Group Projects: Fishbowl

For your UNIV 112 “formal” group presentation, you’ll be leading class for the day using the Fishbowl format. Visit Professor Amber Pearson’s FI Rampages site for a really comprehensive explanation of what Fishbowl does and why it’s so useful.

We’ll follow the parameters as Professor Pearson lays them out. You’ll present in groups of 3-5 over the course of the semester. The first 3 discussions will happen before spring break; each group can treat as fair game any material we’ve encountered in class so far, although groups should focus on the materials below:

  1. Friday, 2/3 (Radioactive)
  2. Friday, 2/17 (“Defending Walt Whitman,” children’s books as genre)
  3. Friday, 3/3 (Written in Stone, the EJI lynching memorial, and “The War Photo No One Would Publish”)

Tasks

For your Fishbowl presentation, your group needs to do the following:

  1. Schedule at least one meeting outside class time; I am happy to sit in on the meeting, or you can have the group secretary email me the “minutes” of your discussion
  2. As a group, select a writing prompt for your classmates as homework the session before your fishbowl; the aim of the prompt is to encourage your peers to start thinking in advance about the kinds of questions you will ask
  3. Each member of the group should generate 4-5 discussion questions and circulate them with your teammates and me. You may not use all these questions in the discussion, but you should have them ready.
  4. Lead your discussion section; see Professor Pearson’s suggestions above for an effective discussion
  5. Draft your memo; what did you find challenging about leading group discussion? What was rewarding? Reflect on the experience of putting your fishbowl together.

Your fishbowl leadership is worth 10 points of your final grade. I will use the rubric below to evaluate you:

  Excellent Strong OK Weak
Insightful Questions

(AP)

Your five questions lead to open discussion by asking “Why?” or “Explain?”  They show that you deeply understand and are building on the texts/ideas of our class.  They may explore how FI fits into other disciplines.  Other students will learn just by being asked these questions!  Your questions were posted to your blog before class. Your five questions tend to be open-ended and will create good discussion.  They show that you have been thinking about class texts and concepts.  Other students will react well to these questions.  They were posted to your blog before class. Your questions are not yes/no, but they are likely answerable in a single sentence.  They are vaguely about class concepts or texts but do not demonstrate insight on your part.  There are five of them and they were posted to your blog before class. Your questions are yes/no or otherwise do not encourage extended discussion.  They may be unrelated to the class.  There may be less than five questions.  They may have been posted late.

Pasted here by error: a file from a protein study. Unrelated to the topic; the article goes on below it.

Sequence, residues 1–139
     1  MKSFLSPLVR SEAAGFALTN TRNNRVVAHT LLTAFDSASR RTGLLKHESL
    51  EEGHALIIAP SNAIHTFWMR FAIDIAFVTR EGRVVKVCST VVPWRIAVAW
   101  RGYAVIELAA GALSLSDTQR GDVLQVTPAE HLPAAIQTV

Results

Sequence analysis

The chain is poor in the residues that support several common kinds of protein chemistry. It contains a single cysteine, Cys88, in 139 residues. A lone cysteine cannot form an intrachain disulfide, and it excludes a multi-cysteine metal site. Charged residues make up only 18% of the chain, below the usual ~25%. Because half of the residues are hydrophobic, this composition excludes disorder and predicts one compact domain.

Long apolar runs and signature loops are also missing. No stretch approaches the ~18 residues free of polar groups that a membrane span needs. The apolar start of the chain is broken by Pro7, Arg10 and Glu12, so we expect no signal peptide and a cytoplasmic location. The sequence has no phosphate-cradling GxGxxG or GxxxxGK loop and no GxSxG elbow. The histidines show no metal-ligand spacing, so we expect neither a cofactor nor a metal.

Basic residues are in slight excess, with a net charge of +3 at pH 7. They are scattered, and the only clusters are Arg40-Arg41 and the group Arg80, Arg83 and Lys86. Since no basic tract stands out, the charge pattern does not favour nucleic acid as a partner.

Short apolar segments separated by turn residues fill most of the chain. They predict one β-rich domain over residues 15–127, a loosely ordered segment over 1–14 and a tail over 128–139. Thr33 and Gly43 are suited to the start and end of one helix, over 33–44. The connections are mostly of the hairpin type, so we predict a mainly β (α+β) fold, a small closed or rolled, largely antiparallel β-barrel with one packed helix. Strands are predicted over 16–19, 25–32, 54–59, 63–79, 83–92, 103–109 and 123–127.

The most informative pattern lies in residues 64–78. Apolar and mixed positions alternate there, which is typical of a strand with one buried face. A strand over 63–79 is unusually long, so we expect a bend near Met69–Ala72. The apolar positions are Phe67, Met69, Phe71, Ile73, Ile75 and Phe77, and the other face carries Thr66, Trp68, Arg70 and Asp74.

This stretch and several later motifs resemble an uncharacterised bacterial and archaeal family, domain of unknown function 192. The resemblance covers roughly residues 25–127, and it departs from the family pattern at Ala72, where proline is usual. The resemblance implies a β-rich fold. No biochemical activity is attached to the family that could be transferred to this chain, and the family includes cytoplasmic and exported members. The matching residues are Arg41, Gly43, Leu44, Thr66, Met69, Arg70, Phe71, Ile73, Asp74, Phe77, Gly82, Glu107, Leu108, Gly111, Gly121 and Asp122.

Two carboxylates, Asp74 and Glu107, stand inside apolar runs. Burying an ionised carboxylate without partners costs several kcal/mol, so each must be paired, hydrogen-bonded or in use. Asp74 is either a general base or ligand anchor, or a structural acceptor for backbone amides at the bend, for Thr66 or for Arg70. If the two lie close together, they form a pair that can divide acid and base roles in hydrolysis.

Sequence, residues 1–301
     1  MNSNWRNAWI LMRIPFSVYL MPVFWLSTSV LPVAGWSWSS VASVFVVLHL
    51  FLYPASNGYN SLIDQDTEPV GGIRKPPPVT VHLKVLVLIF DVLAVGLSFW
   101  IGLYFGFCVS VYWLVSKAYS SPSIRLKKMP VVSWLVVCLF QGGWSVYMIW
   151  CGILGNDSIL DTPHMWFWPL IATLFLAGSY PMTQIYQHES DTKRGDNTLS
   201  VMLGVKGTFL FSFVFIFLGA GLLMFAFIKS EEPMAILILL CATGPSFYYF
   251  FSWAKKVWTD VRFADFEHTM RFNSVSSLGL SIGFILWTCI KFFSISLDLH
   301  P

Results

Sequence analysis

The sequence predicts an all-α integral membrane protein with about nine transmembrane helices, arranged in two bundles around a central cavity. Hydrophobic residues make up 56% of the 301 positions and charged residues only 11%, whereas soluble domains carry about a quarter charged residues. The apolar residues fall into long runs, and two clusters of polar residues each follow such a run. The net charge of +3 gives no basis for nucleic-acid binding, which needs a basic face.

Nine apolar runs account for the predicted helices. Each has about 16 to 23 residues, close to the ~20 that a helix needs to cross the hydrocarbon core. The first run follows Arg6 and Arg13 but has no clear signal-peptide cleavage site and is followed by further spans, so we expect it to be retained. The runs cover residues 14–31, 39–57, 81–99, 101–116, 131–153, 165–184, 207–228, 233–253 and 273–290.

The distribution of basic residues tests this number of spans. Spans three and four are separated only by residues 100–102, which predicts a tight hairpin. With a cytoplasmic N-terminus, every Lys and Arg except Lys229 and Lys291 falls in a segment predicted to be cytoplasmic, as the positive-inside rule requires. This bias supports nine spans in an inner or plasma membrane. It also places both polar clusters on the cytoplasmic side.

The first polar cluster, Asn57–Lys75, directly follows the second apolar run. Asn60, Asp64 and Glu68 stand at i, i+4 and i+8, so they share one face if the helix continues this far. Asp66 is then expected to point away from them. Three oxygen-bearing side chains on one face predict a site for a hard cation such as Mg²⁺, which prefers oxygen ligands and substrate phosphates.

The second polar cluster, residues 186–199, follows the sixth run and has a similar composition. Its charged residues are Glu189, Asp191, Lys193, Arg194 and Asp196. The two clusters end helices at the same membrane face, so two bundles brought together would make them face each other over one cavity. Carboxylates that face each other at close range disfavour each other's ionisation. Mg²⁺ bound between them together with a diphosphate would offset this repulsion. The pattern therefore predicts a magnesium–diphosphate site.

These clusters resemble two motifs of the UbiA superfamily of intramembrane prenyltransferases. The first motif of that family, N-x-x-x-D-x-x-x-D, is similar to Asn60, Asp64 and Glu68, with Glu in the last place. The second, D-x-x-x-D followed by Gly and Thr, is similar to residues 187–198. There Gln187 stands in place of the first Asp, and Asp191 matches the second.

Alternatively, you have no questions.

Facilitating Discussion

(AP)

You spend a solid amount of time in the fishbowl facilitating discussion.  You are more interested in discussion than making sure all your questions get asked.  You make sure to surrender the fishbowl to other leaders so they can have time, too. You spend a solid amount of time in the fishbowl facilitating discussion.  You may have lost track of time a little, but on the whole did well. You spend time in the fishbowl leading.  You may have spent significantly too much or too little time leading. You either do not lead discussion at all or you lead for only a minute or two.  Other students likely did not know you were a discussion leader.
Listening and Responding

(AP)

You are very attentive to your discussants: helping them chase good ideas by asking follow-up questions, and diverting them with more of your questions when they digress.  It seems to the rest of us that you really want to help people find their own points of view! You generally are helpful to your discussants, though you may have let them digress or feel lost occasionally.  Other students likely enjoyed your leadership. You asked your questions, but may have failed to interact with your discussants beyond that.  It likely felt as if you were simply reading your list. You either do not lead discussion at all or you lead for only a minute or two.  Other students likely did not know you were a discussion leader.
Reflection memo

(KL)

Your memo offers a sophisticated assessment of your work in the group, your ability to ask questions and participate discussion, and the productivity of the larger conversation. You are also able to suggest the importance of leading discussion in an academic environment. Your memo reflects on the challenges and rewards of leading the fishbowl. You are able to articulate areas for improvement as well as describing questions or discussions that were particularly successful. Your memo reflects generally on the experience of leading fishbowl (i.e. you summarize what happened without much critical thought), OR the memo is submitted late OR is formatted incorrectly. Your memo is submitted late, is improperly formatted and/or is too short to adequately reflect on the experience of leading fishbowl

FI with Dr. Logan